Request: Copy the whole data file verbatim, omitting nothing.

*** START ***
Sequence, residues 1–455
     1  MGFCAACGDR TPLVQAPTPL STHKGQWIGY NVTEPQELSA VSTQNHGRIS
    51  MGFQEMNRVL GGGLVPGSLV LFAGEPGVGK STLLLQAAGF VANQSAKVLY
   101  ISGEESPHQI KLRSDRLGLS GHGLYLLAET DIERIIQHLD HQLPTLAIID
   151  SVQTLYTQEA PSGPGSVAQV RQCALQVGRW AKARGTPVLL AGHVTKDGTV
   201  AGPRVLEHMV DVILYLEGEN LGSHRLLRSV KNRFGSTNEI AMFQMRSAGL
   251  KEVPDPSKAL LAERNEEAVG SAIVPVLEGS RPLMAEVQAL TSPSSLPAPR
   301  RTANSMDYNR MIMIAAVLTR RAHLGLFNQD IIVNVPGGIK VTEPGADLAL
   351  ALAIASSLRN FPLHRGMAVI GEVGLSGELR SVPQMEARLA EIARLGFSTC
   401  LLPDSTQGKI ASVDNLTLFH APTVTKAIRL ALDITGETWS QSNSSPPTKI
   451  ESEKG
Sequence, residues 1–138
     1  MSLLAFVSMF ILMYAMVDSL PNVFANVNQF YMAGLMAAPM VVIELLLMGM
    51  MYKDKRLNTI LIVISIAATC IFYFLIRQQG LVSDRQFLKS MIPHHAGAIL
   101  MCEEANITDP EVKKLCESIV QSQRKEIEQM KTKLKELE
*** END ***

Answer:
Sequence, residues 1–455
     1  MGFCAACGDR TPLVQAPTPL STHKGQWIGY NVTEPQELSA VSTQNHGRIS
    51  MGFQEMNRVL GGGLVPGSLV LFAGEPGVGK STLLLQAAGF VANQSAKVLY
   101  ISGEESPHQI KLRSDRLGLS GHGLYLLAET DIERIIQHLD HQLPTLAIID
   151  SVQTLYTQEA PSGPGSVAQV RQCALQVGRW AKARGTPVLL AGHVTKDGTV
   201  AGPRVLEHMV DVILYLEGEN LGSHRLLRSV KNRFGSTNEI AMFQMRSAGL
   251  KEVPDPSKAL LAERNEEAVG SAIVPVLEGS RPLMAEVQAL TSPSSLPAPR
   301  RTANSMDYNR MIMIAAVLTR RAHLGLFNQD IIVNVPGGIK VTEPGADLAL
   351  ALAIASSLRN FPLHRGMAVI GEVGLSGELR SVPQMEARLA EIARLGFSTC
   401  LLPDSTQGKI ASVDNLTLFH APTVTKAIRL ALDITGETWS QSNSSPPTKI
   451  ESEKG
Sequence, residues 1–138
     1  MSLLAFVSMF ILMYAMVDSL PNVFANVNQF YMAGLMAAPM VVIELLLMGM
    51  MYKDKRLNTI LIVISIAATC IFYFLIRQQG LVSDRQFLKS MIPHHAGAIL
   101  MCEEANITDP EVKKLCESIV QSQRKEIEQM KTKLKELE